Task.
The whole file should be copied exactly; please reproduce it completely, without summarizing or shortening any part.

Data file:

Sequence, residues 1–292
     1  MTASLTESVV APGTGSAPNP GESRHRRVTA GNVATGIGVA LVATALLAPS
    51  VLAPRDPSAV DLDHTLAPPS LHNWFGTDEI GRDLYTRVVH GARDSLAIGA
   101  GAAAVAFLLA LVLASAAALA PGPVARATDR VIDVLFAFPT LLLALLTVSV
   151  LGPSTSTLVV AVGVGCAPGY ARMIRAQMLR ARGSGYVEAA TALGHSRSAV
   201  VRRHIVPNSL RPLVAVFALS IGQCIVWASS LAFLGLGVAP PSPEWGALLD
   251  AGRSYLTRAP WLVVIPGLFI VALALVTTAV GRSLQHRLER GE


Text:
Sequence, residues 1–292
     1  MTASLTESVV APGTGSAPNP GESRHRRVTA GNVATGIGVA LVATALLAPS
    51  VLAPRDPSAV DLDHTLAPPS LHNWFGTDEI GRDLYTRVVH GARDSLAIGA
   101  GAAAVAFLLA LVLASAAALA PGPVARATDR VIDVLFAFPT LLLALLTVSV
   151  LGPSTSTLVV AVGVGCAPGY ARMIRAQMLR ARGSGYVEAA TALGHSRSAV
   201  VRRHIVPNSL RPLVAVFALS IGQCIVWASS LAFLGLGVAP PSPEWGALLD
   251  AGRSYLTRAP WLVVIPGLFI VALALVTTAV GRSLQHRLER GE